Regarding the large and elite corps of the city's culinary world, Chef Greg Picolo, who plans to reopen his Bistro at Maison deVille but is now only working a few limited functions, says, "We're all going to hold on until there is no hope."
While the city's recovery is left to the fiscal whims of market forces, where luxuries may be sacrificed in order to recover, people of this city and region should ask themselves whether the culinary talents of New Orleans, and especially the French Quarter, are one of the luxuries that they're willing to forfeit.
"It's very hard sometimes to get people in Metairie and elsewhere to cross that line into the Quarter, but where's the first place they take out-of town-visitors to eat?" Picolo asks. "What if that wasn't here anymore?"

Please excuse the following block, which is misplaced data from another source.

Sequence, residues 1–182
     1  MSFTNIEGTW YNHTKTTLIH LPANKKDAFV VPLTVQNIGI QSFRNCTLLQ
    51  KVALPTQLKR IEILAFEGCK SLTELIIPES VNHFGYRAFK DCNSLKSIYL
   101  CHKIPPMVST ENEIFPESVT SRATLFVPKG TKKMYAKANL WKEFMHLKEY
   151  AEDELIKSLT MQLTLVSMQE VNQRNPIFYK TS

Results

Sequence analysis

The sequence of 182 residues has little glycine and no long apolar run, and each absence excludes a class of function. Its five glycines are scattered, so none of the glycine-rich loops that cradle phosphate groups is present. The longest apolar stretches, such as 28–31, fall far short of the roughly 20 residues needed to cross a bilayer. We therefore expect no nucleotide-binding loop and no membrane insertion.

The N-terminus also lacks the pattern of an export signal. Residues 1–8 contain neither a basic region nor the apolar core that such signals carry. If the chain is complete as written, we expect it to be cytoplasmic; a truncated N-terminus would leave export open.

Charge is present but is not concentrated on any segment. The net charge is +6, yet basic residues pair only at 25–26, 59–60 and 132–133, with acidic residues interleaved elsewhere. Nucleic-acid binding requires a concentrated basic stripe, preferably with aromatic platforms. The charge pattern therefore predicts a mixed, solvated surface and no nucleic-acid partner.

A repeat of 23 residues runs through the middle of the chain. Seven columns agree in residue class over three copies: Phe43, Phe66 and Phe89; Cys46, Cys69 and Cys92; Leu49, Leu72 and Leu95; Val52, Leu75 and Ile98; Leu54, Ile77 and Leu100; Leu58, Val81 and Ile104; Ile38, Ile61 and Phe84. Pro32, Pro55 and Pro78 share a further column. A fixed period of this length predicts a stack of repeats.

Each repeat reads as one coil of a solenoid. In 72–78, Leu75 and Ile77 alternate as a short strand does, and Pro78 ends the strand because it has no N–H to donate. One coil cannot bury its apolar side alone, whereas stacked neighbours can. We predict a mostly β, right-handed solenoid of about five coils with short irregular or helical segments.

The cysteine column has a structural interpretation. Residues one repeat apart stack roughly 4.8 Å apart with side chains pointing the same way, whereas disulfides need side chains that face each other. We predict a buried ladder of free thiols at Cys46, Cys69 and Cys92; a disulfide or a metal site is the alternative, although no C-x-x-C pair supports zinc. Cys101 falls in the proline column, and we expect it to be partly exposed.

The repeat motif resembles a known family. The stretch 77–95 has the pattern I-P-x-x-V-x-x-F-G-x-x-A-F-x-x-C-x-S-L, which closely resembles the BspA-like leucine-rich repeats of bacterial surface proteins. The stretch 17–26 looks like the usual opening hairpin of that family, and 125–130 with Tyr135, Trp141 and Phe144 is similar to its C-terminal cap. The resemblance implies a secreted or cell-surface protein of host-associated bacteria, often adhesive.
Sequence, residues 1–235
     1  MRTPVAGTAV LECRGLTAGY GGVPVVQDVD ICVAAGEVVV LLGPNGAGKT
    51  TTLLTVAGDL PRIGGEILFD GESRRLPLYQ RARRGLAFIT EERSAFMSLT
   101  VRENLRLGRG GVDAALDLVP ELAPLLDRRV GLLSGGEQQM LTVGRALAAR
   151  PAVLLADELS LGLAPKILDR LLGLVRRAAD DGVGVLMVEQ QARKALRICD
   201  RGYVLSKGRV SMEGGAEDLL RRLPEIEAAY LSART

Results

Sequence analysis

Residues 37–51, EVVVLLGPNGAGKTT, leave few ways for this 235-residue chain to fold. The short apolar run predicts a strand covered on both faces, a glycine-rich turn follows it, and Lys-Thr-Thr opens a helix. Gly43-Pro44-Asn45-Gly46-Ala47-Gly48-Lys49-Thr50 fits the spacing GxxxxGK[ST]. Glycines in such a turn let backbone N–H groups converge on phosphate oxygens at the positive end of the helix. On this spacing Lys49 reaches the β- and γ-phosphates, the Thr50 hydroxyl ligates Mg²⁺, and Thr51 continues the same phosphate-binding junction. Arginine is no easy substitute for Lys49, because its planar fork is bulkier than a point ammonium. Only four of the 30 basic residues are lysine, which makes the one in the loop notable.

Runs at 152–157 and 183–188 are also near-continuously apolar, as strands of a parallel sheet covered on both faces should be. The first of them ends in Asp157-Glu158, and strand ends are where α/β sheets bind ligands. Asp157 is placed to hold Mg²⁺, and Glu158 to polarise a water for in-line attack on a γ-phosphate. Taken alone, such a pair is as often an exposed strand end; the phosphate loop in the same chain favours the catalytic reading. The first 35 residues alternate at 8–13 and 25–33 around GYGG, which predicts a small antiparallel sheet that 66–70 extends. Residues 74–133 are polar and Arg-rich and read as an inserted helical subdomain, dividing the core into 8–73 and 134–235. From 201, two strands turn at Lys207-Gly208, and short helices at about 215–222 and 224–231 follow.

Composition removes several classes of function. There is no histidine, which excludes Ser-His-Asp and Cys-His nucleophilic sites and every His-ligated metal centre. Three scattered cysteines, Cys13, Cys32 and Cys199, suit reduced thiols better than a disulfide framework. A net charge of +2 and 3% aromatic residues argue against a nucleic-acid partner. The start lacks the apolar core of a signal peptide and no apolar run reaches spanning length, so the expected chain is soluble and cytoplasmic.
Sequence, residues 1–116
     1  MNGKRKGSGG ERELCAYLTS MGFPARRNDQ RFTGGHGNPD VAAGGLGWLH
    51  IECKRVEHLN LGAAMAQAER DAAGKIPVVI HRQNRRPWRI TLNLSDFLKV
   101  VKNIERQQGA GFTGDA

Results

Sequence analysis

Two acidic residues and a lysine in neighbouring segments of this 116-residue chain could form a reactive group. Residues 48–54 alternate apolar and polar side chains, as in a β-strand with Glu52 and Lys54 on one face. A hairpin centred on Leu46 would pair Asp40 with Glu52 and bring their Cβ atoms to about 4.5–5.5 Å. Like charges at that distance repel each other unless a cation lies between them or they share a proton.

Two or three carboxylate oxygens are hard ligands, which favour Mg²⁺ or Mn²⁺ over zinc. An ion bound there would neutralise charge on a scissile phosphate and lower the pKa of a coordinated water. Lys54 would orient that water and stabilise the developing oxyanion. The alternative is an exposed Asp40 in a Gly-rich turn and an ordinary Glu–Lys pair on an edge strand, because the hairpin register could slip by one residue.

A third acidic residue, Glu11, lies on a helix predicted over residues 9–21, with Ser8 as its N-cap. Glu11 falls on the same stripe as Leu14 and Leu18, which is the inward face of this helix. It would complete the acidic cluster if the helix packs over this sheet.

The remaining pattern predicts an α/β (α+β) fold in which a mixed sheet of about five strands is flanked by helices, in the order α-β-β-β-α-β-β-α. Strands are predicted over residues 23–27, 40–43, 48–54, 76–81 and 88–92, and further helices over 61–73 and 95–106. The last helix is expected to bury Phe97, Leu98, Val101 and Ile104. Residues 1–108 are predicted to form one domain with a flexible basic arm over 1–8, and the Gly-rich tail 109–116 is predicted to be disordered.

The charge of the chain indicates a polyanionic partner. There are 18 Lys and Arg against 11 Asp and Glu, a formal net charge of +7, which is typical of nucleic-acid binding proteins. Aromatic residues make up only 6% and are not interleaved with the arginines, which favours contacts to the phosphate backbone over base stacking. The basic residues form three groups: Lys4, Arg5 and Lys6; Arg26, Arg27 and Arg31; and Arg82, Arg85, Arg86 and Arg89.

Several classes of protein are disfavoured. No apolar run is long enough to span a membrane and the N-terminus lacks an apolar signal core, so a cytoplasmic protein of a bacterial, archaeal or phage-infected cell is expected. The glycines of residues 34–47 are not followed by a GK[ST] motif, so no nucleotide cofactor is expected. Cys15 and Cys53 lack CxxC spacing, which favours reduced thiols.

- Cheryl Gerber
- French Quarter restaurants like Antoine's are battling rising costs for food, supplies and insurance as well as staff shortages and a tourism market that hasn't recovered since Katrina.
- Cheryl Gerber
- Jim Conte (right), co-owner of MeauxBar Bistro (pictured here with Chef Matthew Guidry), says his kitchen has always depended on local diners and people who work in the French Quarter for business, but now fewer locals come to the Quarter from Uptown and Metairie.